The Colossal Failure in Afghanistan

The Colossal Failure in Afghanistan by A Political Junkie for Russia-Insider

The Special Inspector General for Afghanistan Reconstruction or SIGAR just released the third edition of its High-Risk List to the 116th Congress of the United States and the Secretaries of both State and Defense.

In this report, SIGAR identifies the most serious threats to the American government’s $132 billion reconstruction efforts in Afghanistan.  This information is of particular interest and importance given that negotiations are currently underway to end the United States’ involvement in Afghanistan, involvement that began on October 7, 2001, making this the longest military engagement in American history.

The report opens with this rather sobering summary of the past, present and future in Afghanistan:

“The $132 billion appropriated since 2002 for Afghanistan’s reconstruction has been used to train and equip Afghan security forces, strengthen government institutions, promote the rule of law, protect women’s rights, improve health and education, and stimulate economic development, among other objectives.

Yet the gains from our nation’s investment in Afghanistan’s reconstruction face multiple threats: continued insecurity, endemic corruption, weak Afghan institutions, the insidious impact of the narcotics trade, and inadequate coordination and oversight by donors.

While an equitable and sustainable peace agreement in Afghanistan could end much of the violence that presents the greatest threat to the reconstruction effort, a peace agreement may bring its own set of challenges to sustaining the gains that the United States, its Coalition partners, and the Afghan government have achieved over that time.” (my bold)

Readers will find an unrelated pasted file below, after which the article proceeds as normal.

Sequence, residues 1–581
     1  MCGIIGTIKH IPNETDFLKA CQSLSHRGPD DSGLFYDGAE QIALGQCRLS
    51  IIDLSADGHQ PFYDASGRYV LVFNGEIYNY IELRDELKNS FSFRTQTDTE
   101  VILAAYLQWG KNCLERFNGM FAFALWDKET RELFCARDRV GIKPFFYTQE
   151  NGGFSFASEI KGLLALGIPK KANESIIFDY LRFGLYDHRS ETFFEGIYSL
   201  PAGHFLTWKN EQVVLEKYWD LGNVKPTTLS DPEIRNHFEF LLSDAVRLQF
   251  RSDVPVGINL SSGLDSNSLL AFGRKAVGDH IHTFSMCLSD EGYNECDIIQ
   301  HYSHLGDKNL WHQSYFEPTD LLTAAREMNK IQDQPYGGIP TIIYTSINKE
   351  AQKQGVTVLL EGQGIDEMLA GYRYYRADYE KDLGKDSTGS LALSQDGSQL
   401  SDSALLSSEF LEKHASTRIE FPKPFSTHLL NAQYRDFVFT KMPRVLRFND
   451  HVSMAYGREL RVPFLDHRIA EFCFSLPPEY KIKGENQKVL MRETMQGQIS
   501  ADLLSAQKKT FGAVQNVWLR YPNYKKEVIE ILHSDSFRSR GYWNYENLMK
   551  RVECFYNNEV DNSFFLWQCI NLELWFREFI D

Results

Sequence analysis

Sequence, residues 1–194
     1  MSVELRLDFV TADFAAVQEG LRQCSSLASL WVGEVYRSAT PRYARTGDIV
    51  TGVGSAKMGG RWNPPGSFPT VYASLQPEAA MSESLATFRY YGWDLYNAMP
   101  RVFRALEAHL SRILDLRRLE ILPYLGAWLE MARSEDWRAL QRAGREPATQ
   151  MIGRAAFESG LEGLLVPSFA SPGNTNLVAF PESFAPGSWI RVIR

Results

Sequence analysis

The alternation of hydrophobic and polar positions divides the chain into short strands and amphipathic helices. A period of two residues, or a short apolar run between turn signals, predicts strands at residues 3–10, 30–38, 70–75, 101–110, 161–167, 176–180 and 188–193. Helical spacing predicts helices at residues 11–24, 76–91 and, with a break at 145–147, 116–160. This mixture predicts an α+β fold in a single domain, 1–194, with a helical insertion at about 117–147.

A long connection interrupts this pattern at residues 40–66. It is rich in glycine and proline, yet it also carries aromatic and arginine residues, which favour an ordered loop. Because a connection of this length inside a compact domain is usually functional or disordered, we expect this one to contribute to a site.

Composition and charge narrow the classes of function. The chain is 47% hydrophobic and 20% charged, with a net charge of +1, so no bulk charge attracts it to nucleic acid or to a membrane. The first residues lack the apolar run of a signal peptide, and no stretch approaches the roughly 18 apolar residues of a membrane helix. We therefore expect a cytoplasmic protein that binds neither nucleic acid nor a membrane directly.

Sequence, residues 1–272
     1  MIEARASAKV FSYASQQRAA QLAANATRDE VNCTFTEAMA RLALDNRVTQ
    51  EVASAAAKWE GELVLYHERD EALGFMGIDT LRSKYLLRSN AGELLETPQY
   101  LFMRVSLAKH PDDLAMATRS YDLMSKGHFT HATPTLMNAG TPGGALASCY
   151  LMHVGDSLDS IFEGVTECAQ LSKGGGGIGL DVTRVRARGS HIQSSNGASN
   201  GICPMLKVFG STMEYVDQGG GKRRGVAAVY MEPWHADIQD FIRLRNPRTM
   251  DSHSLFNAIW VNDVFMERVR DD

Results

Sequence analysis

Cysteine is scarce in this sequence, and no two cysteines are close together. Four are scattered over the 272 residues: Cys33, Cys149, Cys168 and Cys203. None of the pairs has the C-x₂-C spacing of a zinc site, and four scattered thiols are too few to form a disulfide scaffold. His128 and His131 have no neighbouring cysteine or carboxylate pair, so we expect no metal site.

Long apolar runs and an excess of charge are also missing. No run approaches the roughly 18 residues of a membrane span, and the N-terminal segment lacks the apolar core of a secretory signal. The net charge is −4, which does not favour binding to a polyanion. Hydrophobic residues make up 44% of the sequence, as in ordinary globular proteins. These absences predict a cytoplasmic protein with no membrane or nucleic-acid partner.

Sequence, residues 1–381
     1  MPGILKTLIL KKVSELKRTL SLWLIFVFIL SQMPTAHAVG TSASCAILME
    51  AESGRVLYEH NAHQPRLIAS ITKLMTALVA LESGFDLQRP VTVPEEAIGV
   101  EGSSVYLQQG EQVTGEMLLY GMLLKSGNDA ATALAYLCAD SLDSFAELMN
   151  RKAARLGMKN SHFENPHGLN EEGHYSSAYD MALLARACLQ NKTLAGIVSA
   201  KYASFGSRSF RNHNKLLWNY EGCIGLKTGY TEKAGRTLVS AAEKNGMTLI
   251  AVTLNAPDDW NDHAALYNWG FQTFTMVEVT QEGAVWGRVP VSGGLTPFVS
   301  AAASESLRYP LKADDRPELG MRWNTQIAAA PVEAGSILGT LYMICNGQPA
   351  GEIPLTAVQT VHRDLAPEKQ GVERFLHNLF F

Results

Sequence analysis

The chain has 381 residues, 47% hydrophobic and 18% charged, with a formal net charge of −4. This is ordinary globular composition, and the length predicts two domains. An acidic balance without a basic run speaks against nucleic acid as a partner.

Here is a listing of the eight current high risk areas:

1.) Widespread Insecurity – whether a peace plan is put into place or not, Afghanistan is likely to continue to experience multiple violent extremist organizations.  The Afghan National Defense and Security Forces require annual funding of between $4 billion and $5 billion to remain viable.

[TDC Note – Video from 2014 searching for truth]

2.) Underdeveloped Civil Policing Capability – The United States has spent more effort reconstructing the Afghan National Army than on the Afghan National Police meaning that there is no strategy for a competent civil police force backed by rule of law.  Sustaining a national police force will require significant foreign funding.

3.) Endemic Corruption – Corruption is endemic and forms a significant threat to the Afghan government.  This means that reconstruction programs will continue to be subverted and are likely to fail.  Here is a graphic from Transparency International showing where Afghanistan lies on the global spectrum when it comes to corruption:

Afghanistan has the world’s 9th lowest corruption score as shown on this list:

4.) Sluggish Economic Growth – Afghanistan’s legal economy is sluggish and there are numerous barriers to further economic growth.

5.) Illicit Narcotics Trade – Afghanistan remains the world’s largest producer of opium poppies and had the two highest years of cultivation in 2017 and 2018.  Funds from the illicit drug trade fund the Taliban, corrupt members of the Afghan government, military and police and also employ 600,000 Afghanis.

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